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Old 08-29-2011, 04:36 PM   #16
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Quote:
Originally Posted by brianw
All, looking for some experience in towing 25-27' airstreams with 1/2 ton tow vehicles. I am about to make the plunge and purchase my first travel trailer - Airstream of course. I would like to hear folks experiences on towing before I commit to the 25 or 27. We will size down to the 23 if need be.

My tow vehicle is a 2008 Chevrolet Silverado 1500 Texas Edition with tow package. It has a 5.3L V-8, 3.73 gear ratio, and is "factory book" rated to tow up to 7,600 lbs.

I have my eye on the 27FB Airstream Int which has a dry weight of 5,764 lbs and a loaded GVWR at 7,600 lbs.

When I do the tow capacity calculations to account for cargo in the truck and hitch loads, I am getting a max allowable trailer load of around 7,300-7,400 lbs. I feel pretty good that we could keep the trailer under this weight fully loaded except under rare occasion.

So here is where I would like your help and/or opinions.... if anyone has been involved in this type of rig please let me know how this combo pulled.

Thanks,
Brian

I have an 09 F150 4x4 SuperCrew with the 157" wheelbase, 3.73 axle and max trailer towing package (11,100 lbs). The truck came with 20" P rated tires, and the door sticker states the maximum weight of occupants and cargo must not exceed 878 lbs. My axle ratings, also on the door sticker, are GAWRf 4050lbs and GAWRr 4000 lbs. The GVWR is somewhat less at 7200 lbs.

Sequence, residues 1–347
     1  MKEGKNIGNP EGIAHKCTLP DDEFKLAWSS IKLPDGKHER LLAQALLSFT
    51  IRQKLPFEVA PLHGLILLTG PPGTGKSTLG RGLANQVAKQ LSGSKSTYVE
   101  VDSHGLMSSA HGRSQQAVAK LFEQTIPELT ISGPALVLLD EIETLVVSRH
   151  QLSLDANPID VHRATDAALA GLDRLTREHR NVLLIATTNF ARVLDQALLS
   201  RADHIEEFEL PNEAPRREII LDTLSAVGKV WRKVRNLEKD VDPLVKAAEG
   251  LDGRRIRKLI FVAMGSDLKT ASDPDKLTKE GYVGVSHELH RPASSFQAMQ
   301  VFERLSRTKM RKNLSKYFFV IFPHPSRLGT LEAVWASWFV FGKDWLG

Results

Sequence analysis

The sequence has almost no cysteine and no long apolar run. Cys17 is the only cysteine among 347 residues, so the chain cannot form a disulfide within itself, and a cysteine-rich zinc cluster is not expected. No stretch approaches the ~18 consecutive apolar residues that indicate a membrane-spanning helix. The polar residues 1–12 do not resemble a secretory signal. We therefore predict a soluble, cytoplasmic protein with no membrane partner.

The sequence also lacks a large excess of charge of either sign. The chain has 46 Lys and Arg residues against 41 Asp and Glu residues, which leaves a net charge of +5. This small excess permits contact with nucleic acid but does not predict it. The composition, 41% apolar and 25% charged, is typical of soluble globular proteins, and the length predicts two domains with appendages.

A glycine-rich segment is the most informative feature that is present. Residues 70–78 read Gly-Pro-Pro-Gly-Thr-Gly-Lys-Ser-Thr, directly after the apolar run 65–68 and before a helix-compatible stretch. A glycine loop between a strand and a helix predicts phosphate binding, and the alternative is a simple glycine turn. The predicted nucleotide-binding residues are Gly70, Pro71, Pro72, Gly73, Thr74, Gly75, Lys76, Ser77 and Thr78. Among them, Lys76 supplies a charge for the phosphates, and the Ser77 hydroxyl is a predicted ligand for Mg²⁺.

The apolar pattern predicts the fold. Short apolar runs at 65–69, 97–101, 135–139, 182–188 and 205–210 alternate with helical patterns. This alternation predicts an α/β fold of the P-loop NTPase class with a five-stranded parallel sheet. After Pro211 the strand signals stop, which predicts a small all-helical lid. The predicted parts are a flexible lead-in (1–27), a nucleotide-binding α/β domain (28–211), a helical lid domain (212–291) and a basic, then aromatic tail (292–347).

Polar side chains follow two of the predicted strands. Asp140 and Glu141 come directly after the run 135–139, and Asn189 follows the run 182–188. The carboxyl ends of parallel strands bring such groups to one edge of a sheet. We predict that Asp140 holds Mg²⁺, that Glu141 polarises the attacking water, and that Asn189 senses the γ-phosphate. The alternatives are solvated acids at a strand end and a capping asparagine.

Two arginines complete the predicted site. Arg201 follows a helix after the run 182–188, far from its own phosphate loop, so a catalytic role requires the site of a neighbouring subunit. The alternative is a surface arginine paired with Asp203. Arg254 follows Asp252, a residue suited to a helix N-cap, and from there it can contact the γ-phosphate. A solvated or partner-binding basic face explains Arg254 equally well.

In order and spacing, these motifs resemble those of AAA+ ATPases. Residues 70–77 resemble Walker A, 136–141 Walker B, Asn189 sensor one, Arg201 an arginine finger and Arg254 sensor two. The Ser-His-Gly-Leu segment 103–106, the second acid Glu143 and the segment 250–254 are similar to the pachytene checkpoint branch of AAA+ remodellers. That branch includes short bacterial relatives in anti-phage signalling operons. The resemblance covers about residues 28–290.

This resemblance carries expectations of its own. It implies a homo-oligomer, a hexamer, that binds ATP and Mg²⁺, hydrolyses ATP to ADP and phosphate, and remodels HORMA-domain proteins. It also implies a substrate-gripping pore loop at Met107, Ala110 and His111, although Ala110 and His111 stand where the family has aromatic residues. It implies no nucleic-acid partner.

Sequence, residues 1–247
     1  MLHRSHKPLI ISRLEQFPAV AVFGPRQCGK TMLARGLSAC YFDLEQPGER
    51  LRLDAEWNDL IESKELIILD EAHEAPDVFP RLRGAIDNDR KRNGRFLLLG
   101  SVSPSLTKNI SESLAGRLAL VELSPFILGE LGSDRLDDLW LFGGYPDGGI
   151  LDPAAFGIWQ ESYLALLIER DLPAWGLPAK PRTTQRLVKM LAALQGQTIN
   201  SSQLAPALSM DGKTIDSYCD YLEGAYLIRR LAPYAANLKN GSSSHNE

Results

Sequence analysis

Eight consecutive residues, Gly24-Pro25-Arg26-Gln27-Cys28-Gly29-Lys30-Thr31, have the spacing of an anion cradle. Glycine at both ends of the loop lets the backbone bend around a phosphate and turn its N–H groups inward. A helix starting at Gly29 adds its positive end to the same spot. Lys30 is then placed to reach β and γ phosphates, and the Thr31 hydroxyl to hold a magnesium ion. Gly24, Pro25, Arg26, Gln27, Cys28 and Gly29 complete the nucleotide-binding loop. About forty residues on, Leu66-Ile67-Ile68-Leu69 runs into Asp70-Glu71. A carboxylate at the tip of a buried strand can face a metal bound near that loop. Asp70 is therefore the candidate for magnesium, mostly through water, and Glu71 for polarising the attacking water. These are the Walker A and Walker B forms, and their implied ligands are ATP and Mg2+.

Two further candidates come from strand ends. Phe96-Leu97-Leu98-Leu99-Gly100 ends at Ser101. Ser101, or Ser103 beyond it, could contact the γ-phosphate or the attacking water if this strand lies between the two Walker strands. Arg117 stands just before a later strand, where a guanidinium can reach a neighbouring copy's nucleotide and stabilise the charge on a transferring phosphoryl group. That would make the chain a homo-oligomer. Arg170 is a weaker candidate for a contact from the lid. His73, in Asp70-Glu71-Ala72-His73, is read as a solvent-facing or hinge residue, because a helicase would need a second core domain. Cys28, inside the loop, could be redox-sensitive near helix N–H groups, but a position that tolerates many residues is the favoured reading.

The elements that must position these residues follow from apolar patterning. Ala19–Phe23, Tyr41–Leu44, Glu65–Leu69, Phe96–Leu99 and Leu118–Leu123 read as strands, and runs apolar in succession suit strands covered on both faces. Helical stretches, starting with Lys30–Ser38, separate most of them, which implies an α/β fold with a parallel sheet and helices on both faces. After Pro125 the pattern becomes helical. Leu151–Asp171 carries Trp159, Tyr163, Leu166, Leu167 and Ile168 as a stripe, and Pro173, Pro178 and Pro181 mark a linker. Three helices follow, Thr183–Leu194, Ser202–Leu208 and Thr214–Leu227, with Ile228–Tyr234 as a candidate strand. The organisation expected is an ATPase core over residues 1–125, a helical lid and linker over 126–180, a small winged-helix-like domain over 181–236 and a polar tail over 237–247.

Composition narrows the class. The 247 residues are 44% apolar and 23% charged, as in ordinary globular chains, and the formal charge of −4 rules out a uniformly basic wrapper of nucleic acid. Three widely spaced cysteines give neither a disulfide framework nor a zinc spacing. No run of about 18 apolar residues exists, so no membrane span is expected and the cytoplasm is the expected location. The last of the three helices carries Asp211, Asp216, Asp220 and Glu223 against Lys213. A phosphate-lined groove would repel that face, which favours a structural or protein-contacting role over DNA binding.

I threw out the stock tires and have since installed a set of 10 ply Michelins. I don't know how much of the truck's weight restriction was influenced by the stock tires. After five trips through the scales and several different hitch setups I concluded that there is no way to load distribute enough tongue weight to get the rear axle load under the stated GAWR. I tow a 2011 International 27FB. The tongue weight is 700 lbs I think.

The best I have achieved was with the following conditions. Trailer tanks empty, truck full of gas, two adults, two children, one dog, two bicycles in the back along with a couple of lawn chairs and a barbecue, propane tank and 5 ga fresh water jerry can. The hitch is a Reese dual cam with the heavier bars (1200# I think) and enough stress after hitch up to bend the bars slightly.

Measured Axle load at scale (versus listed GWR)
Front axle: 3902 (4050)
Rear axle: 4277 (4000)

Total truck: 8179 (7200)

Trailer axles: 5842 (7600)

Check out the sticker on your door. I have no problem pulling my 27FB; my issue is payload.
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Old 08-29-2011, 05:13 PM   #17